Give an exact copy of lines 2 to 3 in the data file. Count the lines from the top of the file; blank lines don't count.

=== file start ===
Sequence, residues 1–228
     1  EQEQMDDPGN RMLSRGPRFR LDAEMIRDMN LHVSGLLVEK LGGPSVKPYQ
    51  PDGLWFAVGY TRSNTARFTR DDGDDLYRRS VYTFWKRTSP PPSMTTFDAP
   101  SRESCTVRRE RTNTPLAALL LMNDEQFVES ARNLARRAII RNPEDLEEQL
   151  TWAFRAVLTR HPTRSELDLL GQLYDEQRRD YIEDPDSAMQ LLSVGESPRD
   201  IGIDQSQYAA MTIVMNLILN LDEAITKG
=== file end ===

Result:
     1  EQEQMDDPGN RMLSRGPRFR LDAEMIRDMN LHVSGLLVEK LGGPSVKPYQ
    51  PDGLWFAVGY TRSNTARFTR DDGDDLYRRS VYTFWKRTSP PPSMTTFDAP